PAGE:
I found updates on the conference in 3 sites that I read on a regular basis to monitor trends: Guy Kawasaki
, and Big Marketing for Small Business
Microsoft is standing out because they are creating the largest virtual conference ever for small business owners, they have almost 60 presentations people can listen to, and they've attracted big speakers like Guy Kawasaki.
It's also free to register - a price tag that will attract any small business owner.
Microsoft sure is generating the buzz for this event - I'm looking forward to seeing how well it goes! To learn more about the event and register for free, visit the Small Business Summit website
Labels: Big Marketing for Small Business, GANB, generating buzz, Guy Kawasaki, Microsoft, selling to small business, virtual conference
Going to New York City
Dear blog readers,
Over the next week I will be in New York on a mini vacation. Thank you for your continued support and readership! I'll be back on the 19th and will return to my regular posting in the blog!
Have a great week!
Labels: New York City, selling to small business
10 Riskiest Businesses to Start (and Sell to) - Part 2
In continuation of my post from yesterday, here are the remaining 5 riskiest businesses to start (and sell to)Transportation:
- Pay high insurance premiums
- Sensitive to changing oil prices
- Very competitive market
- Challenge to find trustworthy drivers
Restaurants and Bars:
- Seasons and styles change rapidly
- Dominated by major players
- Need a sizable marketing budget to compete
- Are often undercapitalized
- Expensive startup costs
- High staff turnover
- Suppliers expect cash on delivery
Travel Agencies and Tour Operators:
- Very competitive
- Dominated by large players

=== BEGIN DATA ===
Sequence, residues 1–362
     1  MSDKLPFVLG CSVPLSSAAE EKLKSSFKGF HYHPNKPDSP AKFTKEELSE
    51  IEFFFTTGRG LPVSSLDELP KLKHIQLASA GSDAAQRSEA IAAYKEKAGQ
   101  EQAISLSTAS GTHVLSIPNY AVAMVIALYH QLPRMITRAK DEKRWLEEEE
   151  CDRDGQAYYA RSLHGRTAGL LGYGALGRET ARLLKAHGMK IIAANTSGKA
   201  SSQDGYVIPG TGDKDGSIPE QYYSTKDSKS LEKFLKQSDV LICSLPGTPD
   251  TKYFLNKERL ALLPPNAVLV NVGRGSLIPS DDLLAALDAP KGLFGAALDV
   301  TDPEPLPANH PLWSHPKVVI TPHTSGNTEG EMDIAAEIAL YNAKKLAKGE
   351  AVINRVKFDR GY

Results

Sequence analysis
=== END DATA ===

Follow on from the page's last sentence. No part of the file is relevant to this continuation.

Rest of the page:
- Razor thin margins
- Customers increasingly going online
- Need to offer special packages which involves research time
- Difficult to convince customers to use an agency vs. online
Labels: 10 riskiest businesses to start, apparel stores, communications, restaurants and bars, selling to small business, tour operators, transportation, travel agencies
10 Riskiest Businesses to Start (and Sell to)
The nightmare of every company selling into small business is what happens when your customer goes out of business and still owes you money? With a new Bureau of Labor Statistics poll showing that only 44% of new companies make it to their 4th
anniversary, it's a more common challenge than you might think.
According to Forbes, the 10 Riskiest Business to Start (and therefore to sell to as well) are:Trucking
Money Services Businesses
- Slave to oil prices
- Large competitors only earning single digit profits
- Facing increased government regulations
- Finding trustworthy drives a problem
- Many cheques from customers bounce
- Finding a bank to supply the cash is difficult
- Facing increased government regulation
- Large banks like Citigroup and Bank of America are avoiding the industry
- Razor-thin margins
- Insurance companies pay the bills and don't like paying much
- National competitors spread costs through high volume
- Shortage of skilled mechanics
- Commodity businesses who compete on price
- Low margins and often high startup costs
- Measurable growth hard to achieve
- Very competitive industry
- Margins between 1 and 4%
- Dominated by very large players
I will continue with the other 5 riskiest businesses to start (and Sell to) tomorrow.
Labels: 10 riskiest businesses to start, Auto Repair, Bureau of Labour Statistics, Food Stores, Forbes, Money Services, Personal Services, selling to small business, Trucking
How To Generate Small Business Buzz
Ron McDaniel is one of my newest expert authors for EvanCarmichael.com and is an expert on how to generate buzz.
In his blog
, Buzzoodle Buzz Marketing, Ron laid out strategies that bigger businesses can use to generate buzz and attract attention for their companies. I thought it would be worth sharing with you:
Here is what you do if you have more than a 100 employees but want to create organic, powerful buzz that spreads.
- Think like a small business. Create a small team of people that want to participate and give them the tools, guidelines and stories to succeed.
- Loosen up the big business culture for these people. Let them take some chances and have fun. You may not love some of the things that are said, but it is more likely to go viral and take off it is authentic and fun.